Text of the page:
October 1, 2022

By Ilyasa Baa
Illegal poaching by rogue Chinese vessels over the past months in the Exclusion Zone, demarcated for the benefit of local fishermen, has tremendously affected the lives of fishing families and the general public that largely depend on fishing for nutrition support.
Investigations carried out by the local and international press have revealed that rogue foreign vessels have developed the habit of clandestinely fishing at night in the waters meant for the local market, thereby stealing the main source of nutrients for such fishing communities and by extension the general populace. These illegal activities have also led to the destruction of fishing nets, which are too expensive for our fishermen to replace.
These nefarious activities have reportedly frustrated a good number of fishmongers, who venture into the wharf on a daily basis to make ends meet for their families. They serve as middle men in the local fishing trade. They buy from the fishermen who sell in various markets where the rest of mankind, especially the less privileged, can buy and cook for their survival.
Mariatu Kamara, a fishmonger in Tombo, with over thirty years’ experience in the trade, revealed to nightwatch that her husband took over two weeks in sea and was not able to bring home an appreciable catch. She continued that her customers in Waterloo and other markets in the city could not get the supplies they used to get from her for some time now.
She noted that this has seriously affected monies they had reserved to do the business.
Nurse Isata Swarray of Devil Hole described the fish shortage as unprecedented. She said the looming shortage can affect pregnant women and lactating mothers who need fish to make their babies grow fast. She said fish is the most affordable nutritious food most Sierra Leonean women can afford to supplement their food balance.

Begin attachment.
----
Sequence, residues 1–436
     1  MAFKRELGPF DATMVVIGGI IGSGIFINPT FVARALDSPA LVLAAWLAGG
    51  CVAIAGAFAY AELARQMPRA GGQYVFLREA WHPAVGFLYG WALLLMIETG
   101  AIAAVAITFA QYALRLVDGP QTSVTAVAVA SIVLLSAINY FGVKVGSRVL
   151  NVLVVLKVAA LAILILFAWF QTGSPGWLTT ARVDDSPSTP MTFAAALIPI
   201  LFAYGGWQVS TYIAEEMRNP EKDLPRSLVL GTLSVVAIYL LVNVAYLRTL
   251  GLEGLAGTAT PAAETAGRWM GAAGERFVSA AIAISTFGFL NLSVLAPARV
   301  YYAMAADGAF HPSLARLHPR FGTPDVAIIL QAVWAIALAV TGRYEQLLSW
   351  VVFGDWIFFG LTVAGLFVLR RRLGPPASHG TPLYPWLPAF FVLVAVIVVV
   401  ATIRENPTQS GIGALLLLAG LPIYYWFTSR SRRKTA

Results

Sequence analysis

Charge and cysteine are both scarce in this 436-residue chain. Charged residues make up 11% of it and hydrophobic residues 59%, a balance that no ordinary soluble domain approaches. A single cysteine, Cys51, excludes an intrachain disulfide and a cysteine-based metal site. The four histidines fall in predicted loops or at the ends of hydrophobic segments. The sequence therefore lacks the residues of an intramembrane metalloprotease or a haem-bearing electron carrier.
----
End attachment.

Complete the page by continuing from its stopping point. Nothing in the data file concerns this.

The current situation needs a more robust attention, more than what the Ministry of Marine Resources has done, by placing an ultimatum on large scale fishing for a certain period of time, after these industrial vessels had plundered peoples’ source of livelihood with impunity.
The Maritime wing or personnel at Tombo cannot solve the situation as if their hands are tied behind their backs. Again, to be honest, these naval guys cannot be blamed for the incessant poaching activities carried out by the foreign vessels.
However, it was the expectation of fishermen as well as fishmongers that the New Direction government of Brig. Julius Maada Bio should have been able to solve the illegal poaching in the seas of the country. The navy is currently left in the cold with inadequate equipment to go after those sophisticated Chinese vessels, which shut down their lights at night to disguise from being noticed. How can these rogue vessels be captured or even seen when our gallant personnel don’t have the means, like other countries that are serious about protecting their seas?
The Ministry of Marine Resources is also expected to help provide the required fishing nets recommended by the Food and Agricultural Organization (FAO).
The minister had paraded all the wharfs in the rural and urban fishing communities where she found out that there is the need for the replacement of fishing nets used by local fishermen.
According to the Harbor Masters of Tombo and Tokeh in the Peninsular, fishermen in these areas are tired of waiting for the Minister to honor her fishing nets’ promise. Even if these nets are supplied to the beneficiaries, they would be counter- productive if the navy is not equipped to handle the situation; capture and punish the law breakers, accordingly.
The glories of Tombo and Tokeh, in so far as fish is concerned, are fast fading away and, due to the poor catch, women who have survived all this while through fish selling are having a second thought as whether to wait till the situation improves or quit the trade for better replacement to enable them feed their families this rainy season.